The Association of Jewish Libraries reviews The Comic Torah:
For the full review -- and 39 more pages of book review goodness -- download the pdf. And don't forget to check out The Comic Torah yourself.
As Jews, we are supposed to study Torah and find meaning in our interpretation of it. This book is a unique piece of midrash. Aaron Freeman, a comedian and NPR commentator, and his wife Sharon Rosenzweig, an artist, have created a series of 54 cartoon panels, one for each weekly parashah. They tell the stories as no one has ever told them. Some readers may find them irreverent, but the approach is both humorous and thought-provoking. The portrayal of God as a woman and the use of celebrity caricatures for biblical characters (Cheech and Chong as Nadav and Abihu, Elliot Spitzer as Laban) are original. Telling the story of the Jewish people as a romantic relationship between Moses and God with elements of Family Feud added puts a different spin on it. The authors encourage readers to la’asok b’divrei Torah (immerse oneself in Torah), depicting themselves diving into a Torah scroll on the title page. This is a true invitation to study because, as the celebrity Joshua character says, “Yes we Can-aan.” This will be a great source for discussion in Torah study groups and book clubs in non-Orthodox congregations.
The news service formerly known as the Jewish Telegraphic Agency has unveiled its new Jewish news archive of all its articles from 1917 on.
So what did the official news service of the Jewish people have to say about Bob Dylan? A search turned up only a couple appearances before his late canonization by the establishment through Oscar and National Book Awards.
On July 10, 1970, JTA reported that
Abraham L. Feinberg, rabbi emeritus of Holy Blossom Temple in TorontoA year later, Dylan crops up in an article about a new student-run Coffee House at Hebrew University in Jerusalem, where "Sipping coffee while comparing thoughts on Dylan Thomas, Anwar Sadat, Bob Dylan, or Hebrew grammar till all hours is called 'doing your own thing.'"
and known as an anti-Vietnam war activist, has produced an album of
songs under the label of Vanguard Records in New York. The album
contains 10 songs including Leonard Cohen's anti-war "Story of Isaac,"
"Simple Child" by Robbie MacNeill, "Warm Traitor's Breath" by Arthur
Gee, "I Shall Be Released" by Bob Dylan and "Bells of St. Pierre" by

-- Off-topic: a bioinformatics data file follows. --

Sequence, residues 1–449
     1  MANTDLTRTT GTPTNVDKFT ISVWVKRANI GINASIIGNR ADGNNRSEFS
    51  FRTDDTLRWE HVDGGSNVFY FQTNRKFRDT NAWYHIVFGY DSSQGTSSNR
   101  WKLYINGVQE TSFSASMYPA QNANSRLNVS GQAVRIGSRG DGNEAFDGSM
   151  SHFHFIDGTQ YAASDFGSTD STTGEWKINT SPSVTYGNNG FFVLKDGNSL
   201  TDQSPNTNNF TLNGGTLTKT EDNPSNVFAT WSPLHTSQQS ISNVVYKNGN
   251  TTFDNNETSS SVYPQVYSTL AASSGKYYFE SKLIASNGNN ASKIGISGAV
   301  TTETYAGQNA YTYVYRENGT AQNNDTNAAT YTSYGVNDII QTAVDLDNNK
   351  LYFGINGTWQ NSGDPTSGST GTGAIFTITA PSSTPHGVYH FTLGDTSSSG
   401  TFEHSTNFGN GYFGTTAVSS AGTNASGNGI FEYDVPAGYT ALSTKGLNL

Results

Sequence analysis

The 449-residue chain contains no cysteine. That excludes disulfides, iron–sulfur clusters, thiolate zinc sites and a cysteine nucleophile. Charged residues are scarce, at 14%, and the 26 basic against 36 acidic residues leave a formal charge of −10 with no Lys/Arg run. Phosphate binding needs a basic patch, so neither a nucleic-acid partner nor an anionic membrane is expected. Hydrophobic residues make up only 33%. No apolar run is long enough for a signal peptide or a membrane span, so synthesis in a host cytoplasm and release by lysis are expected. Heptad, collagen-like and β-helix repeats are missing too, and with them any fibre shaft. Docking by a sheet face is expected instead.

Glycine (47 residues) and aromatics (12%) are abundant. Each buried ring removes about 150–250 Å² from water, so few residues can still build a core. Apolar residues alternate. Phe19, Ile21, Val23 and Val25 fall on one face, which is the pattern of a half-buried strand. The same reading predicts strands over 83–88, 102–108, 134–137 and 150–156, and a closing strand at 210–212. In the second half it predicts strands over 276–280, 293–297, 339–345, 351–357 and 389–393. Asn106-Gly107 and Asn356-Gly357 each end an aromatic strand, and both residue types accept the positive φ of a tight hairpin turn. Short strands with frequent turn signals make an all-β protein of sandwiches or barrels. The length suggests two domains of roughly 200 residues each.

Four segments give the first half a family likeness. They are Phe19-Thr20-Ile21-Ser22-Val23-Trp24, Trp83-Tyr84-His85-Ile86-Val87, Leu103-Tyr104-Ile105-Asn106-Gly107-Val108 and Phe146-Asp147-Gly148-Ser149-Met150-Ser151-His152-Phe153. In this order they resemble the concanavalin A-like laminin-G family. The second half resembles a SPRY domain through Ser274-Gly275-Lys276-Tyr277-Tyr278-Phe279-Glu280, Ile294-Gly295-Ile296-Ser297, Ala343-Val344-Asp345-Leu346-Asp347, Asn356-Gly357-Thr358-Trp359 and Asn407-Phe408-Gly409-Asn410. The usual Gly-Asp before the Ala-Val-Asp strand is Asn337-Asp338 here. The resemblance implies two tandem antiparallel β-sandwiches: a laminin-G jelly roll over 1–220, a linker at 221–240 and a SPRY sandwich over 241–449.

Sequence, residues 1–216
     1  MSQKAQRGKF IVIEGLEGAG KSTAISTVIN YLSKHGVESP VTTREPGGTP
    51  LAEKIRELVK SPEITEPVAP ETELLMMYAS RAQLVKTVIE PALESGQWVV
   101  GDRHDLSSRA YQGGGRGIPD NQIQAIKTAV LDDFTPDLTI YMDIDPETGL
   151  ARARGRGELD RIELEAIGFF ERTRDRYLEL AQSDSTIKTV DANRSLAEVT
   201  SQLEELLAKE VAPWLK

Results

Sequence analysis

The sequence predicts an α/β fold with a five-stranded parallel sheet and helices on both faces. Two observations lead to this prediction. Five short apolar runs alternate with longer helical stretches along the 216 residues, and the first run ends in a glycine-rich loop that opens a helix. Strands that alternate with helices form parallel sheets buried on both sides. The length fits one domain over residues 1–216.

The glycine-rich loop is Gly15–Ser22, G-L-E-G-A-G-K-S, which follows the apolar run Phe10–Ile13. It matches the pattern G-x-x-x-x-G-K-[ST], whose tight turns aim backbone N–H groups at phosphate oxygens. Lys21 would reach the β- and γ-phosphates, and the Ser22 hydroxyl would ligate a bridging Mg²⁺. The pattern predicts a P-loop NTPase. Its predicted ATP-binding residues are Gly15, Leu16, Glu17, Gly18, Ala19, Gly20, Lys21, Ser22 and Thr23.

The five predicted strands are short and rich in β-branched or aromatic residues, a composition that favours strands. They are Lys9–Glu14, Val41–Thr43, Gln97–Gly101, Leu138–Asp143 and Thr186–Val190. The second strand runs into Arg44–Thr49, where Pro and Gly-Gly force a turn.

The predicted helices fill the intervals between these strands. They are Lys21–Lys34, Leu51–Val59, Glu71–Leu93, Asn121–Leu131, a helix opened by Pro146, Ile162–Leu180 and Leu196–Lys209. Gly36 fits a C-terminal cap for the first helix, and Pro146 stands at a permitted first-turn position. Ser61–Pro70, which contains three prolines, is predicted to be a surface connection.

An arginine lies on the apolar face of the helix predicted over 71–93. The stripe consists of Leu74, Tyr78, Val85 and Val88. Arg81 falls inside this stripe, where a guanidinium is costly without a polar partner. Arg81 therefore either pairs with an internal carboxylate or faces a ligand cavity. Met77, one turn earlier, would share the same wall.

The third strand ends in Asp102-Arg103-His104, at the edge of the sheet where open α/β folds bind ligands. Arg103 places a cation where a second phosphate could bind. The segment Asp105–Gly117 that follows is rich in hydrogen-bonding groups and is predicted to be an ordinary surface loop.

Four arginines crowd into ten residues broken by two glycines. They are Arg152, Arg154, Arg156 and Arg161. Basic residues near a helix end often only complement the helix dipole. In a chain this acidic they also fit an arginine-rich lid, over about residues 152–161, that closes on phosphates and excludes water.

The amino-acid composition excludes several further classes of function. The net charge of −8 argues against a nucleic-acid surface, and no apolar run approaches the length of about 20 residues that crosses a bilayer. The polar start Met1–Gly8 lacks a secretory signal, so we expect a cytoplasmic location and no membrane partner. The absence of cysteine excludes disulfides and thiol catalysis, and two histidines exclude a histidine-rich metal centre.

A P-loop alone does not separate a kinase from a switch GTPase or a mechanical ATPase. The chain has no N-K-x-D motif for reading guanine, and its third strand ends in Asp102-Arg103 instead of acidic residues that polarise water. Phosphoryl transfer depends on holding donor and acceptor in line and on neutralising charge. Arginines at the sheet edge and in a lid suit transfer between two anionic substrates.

Michael Stanbury. Rabbi Feinberg will turn his royalties over to the
orphans and maimed children of North and South Vietnam. Now 71, Rabbi
Feinberg is the son of a Chazan. In the early 1930's he left the
rabbinate for several years and was a popular radio singer ("Anthony
Frome") on the NBC network.
LOS ANGELES - Marlon Brando, the screen star, made an impromptuThe article concludes with more details about Brando's yiddishkeit.
appearance at the congregational seder of Temple Israel of Hollywood and
gave an impromptu rendition of the Kiddush, in English, to begin the
festival meal. Bob Dylan, the folk singer of the youth rebellion, began
the Grace After Meals by singing his "Blowin' In The Wind," with the
congregation joining in.
Brando and Dylan were accompanied by friends from the entertainment
world, including Helaina Kallianiotes. Sarah Dylan, wife of the folk
singer, and Kenneth Banks, a leader of the American Indian Freedom
movement. The appearance of the theater personalities was a surprise
both to Rabbi Haskell Bernat, the senior rabbi of the congregation, and
the congregants. Rabbi Bernat said the visitors joined spontaneously in
the worship and festivities. The artists made reservations anonymously,
through a friend, Brando, asked why he and his friends had come to the
Reform synagogue, said "It was the rabbi's ability to create warmth,
social activism and worship innovation which had contracted them.
Rabbi Bernat, in introducing the luminaries, said it was in the
spirit of the festival of freedom to have present "unexpected guests."
adding that Brando, Dylan and Banks "had contributed to the sense of
justice and social awareness of the American people," He said that
"Blowin' In The Wind" had become part of the freedom songs which had
found their way "into the informal liturgy of liberal congregations."